Magic Leap—the well-funded, well-hyped and yet mysterious augmented reality company—is finally ready to release its first AR headset.
Today, the company announced it’s begun shipping the Magic Leap One Creator Edition. The model, which will be available to developers in “limited quantities,” marks the broadest—albeit still small—distribution of the technology, which has been the subject of hype and scrutiny for its secrecy and massive amount of funding. (According to Crunchbase, the company has raised $2.3 billion without ever releasing a product, with investments from companies such as Google and Alibaba.)
The long-awaited device won’t be cheap. According to Magic Leap, the first edition will cost $2,295 and includes the headset, computing pack, handheld control, chargers and a few apps.
“Join us on a mind-expanding journey into the outer reaches of human creativity,” the company said in a press release. “Magic Leap One Creator Edition is a spatial computing system that brings digital content to life here in the real world with us. Its unique design and technology lets in natural light waves together with softly layered synthetic lightfields, enabling creators to build unbelievably believable interactive experiences and create worlds within our world. And this is just the beginning.”
While the One Creator Edition is clearly aimed at developers, it is shipping with a few consumer-centric programs. There’s Tónandi, a collaboration between Sigur Rós and Magic Leap Studios—which lets users watch and hear the dreamy Icelandic band perform in AR. (The company teased this out a few months ago.)
Another program is Create, which Magic Leap describes as a “playful sandbox mixed reality experience” that lets users paint, build and draw in AR. It also gives some signs of how AR might transform our real world into something more magical. For example, a house that looks like it’s underwater, or a knight and a dinosaur fighting on a coffee table.
While virtual reality has been slow to reach broader adoption, many have said augmented reality would be faster to catch on with the mainstream. Part of that bet has been because AR is possible on devices ranging from phones and tablets to headsets.
Apple, Facebook and Google have been among the platforms to bet on AR, releasing their own developers, while Snapchat and Pokemon Go creator Niantic have made their own playful splashes over the past few years. Meanwhile, Microsoft’s HoloLens has piqued the curiosity of some creatives and developers.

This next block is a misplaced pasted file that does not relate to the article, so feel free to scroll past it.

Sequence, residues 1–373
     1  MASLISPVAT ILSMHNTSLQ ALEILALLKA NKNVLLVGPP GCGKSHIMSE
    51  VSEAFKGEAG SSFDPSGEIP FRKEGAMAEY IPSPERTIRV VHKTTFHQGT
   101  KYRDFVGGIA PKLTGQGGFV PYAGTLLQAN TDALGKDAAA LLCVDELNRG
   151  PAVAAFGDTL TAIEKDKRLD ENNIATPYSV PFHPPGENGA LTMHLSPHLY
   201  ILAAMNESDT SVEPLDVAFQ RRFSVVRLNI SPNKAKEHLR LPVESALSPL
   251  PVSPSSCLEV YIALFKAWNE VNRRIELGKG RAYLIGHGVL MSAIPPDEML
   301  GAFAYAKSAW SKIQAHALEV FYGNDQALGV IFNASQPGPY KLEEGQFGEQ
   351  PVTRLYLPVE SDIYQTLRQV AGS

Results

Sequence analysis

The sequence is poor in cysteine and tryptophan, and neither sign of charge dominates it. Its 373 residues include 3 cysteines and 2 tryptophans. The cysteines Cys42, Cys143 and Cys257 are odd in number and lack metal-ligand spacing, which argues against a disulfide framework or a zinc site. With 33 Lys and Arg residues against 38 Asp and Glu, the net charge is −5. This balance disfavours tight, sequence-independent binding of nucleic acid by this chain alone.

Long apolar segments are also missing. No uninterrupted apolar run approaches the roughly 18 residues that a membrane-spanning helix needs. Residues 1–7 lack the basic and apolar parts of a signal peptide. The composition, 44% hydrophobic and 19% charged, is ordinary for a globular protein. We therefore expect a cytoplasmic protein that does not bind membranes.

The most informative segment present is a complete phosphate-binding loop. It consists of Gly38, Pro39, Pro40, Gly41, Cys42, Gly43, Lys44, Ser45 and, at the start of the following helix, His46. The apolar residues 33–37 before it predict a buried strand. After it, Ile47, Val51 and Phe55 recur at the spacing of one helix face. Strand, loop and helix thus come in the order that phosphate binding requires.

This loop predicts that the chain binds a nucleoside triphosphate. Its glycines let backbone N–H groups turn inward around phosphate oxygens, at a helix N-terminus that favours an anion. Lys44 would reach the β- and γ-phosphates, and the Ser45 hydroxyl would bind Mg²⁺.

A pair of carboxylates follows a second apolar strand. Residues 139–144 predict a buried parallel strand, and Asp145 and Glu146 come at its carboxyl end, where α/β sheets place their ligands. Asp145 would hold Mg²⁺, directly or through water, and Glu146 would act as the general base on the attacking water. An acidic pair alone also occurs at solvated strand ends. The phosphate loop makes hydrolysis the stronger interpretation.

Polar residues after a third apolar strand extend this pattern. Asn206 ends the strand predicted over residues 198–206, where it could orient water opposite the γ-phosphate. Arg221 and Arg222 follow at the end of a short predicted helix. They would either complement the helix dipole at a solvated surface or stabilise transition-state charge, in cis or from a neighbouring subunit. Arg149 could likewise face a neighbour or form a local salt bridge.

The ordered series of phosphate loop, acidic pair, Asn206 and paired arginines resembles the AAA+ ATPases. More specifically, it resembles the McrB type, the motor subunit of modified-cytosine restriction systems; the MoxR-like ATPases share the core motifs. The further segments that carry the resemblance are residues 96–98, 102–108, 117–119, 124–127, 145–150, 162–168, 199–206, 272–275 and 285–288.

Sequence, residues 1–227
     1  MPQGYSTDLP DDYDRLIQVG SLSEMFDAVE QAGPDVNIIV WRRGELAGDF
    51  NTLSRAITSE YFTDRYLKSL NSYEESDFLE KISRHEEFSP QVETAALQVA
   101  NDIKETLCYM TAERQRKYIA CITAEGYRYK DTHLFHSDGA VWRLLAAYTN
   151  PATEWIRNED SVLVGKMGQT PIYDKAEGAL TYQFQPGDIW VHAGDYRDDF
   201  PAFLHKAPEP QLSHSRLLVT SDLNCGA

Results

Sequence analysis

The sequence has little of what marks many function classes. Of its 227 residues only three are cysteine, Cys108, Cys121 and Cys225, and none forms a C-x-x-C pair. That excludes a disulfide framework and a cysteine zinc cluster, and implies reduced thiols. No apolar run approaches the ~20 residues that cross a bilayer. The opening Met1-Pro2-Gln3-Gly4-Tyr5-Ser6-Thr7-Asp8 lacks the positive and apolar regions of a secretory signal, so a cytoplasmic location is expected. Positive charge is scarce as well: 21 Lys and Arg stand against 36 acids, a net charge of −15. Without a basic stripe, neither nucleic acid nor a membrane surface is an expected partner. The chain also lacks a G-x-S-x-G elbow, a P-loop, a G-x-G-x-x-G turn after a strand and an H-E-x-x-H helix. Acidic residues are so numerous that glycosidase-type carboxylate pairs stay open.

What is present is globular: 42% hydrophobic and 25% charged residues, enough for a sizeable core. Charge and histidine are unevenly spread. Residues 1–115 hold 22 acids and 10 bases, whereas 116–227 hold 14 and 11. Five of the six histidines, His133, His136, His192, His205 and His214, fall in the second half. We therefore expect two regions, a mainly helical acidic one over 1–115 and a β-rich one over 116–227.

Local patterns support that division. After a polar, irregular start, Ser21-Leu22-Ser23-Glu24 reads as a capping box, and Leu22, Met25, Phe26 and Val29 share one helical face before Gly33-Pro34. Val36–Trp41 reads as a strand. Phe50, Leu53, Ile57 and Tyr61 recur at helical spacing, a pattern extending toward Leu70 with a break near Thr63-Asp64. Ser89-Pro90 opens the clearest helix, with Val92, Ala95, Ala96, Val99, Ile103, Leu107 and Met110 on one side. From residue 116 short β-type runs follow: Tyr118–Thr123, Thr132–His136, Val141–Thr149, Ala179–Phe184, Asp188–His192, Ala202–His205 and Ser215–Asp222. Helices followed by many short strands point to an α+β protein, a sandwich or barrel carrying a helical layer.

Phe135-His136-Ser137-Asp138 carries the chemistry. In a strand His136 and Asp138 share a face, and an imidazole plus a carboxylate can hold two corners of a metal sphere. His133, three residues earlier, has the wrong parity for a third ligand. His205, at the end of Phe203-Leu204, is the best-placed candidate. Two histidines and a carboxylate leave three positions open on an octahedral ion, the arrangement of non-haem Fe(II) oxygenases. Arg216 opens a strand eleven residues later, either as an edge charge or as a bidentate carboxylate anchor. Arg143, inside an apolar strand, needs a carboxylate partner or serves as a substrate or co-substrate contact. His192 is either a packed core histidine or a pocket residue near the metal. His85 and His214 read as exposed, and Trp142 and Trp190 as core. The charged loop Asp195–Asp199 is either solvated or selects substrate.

Among the first partners is Wayfair, which used Magic Leap to create a way for people to place furniture in a real-world environment. (IKEA has already done this as well, but the Swedish company’s only requires an iPhone.)
AR developers among the first to get their hands on a headset say they see a lot of potential for Magic Leap—features that include eye and hand-tracking technology that lets the headset interact more naturally with a person’s body. However, many say the drawn out reveal might have hurt its potential—at least in the short-term.
“I think there was a ton of hype for this launch and that might have been a disservice to where we are in the industry,” said Marc Jensen, chief innovation officer at agency Space150. “Reality will not meet expectations today—especially with the great promo videos they’ve put out. This headset has set a new standard, but it’s another iterative step in the progression toward AR taking over as the dominant computing platform of the future. People who want that future to be here now (and this to be some sort of tipping point) are going to be disappointed.”
However, that shouldn’t stop brands and agencies from experimenting, Jensen said.
Others that haven’t tried the One Creator Edition yet are eager to get their hands on it. Courtney Harding, co-founder of AR/VR agency Friends With Holograms, said she plans on buying a headset for her office. However, she said all the hype leading up to the debut might have created unnecessary pressure.
There’s also another elephant in the room: Will Apple come out with its own headset? While Apple has been quiet on its own, there have been plenty of rumors and reports that the company—which tends to let others be first out of the gate—is working on a device of its own.
“To quote Tom Waits a little bit: no one knows what they’re building in there,” Harding said.
Right now, in the mass adoption cycle, both augmented reality and virtual reality largely remain in the hands of innovators and early adopters—they have yet to move over into the sweet spot of mass market users. But as more people adopt to the technology, the price will come down.
Tom Goodwin, head of innovation at Zenith, said people tend to buy solutions—not devices. For example, people bought the iPhone to have access to the internet, and they buy televisions to watch programming.
According to Goodwin, augmented reality such as the type promised by Magic Leap might be also looked at as a metaphor for how we should perceive and interact with the real world and the digital world.
“I think people that work in technology are not necessarily that good with working in society,” he said. “They think it’s hardware and code when it’s more about humanity and empathy.”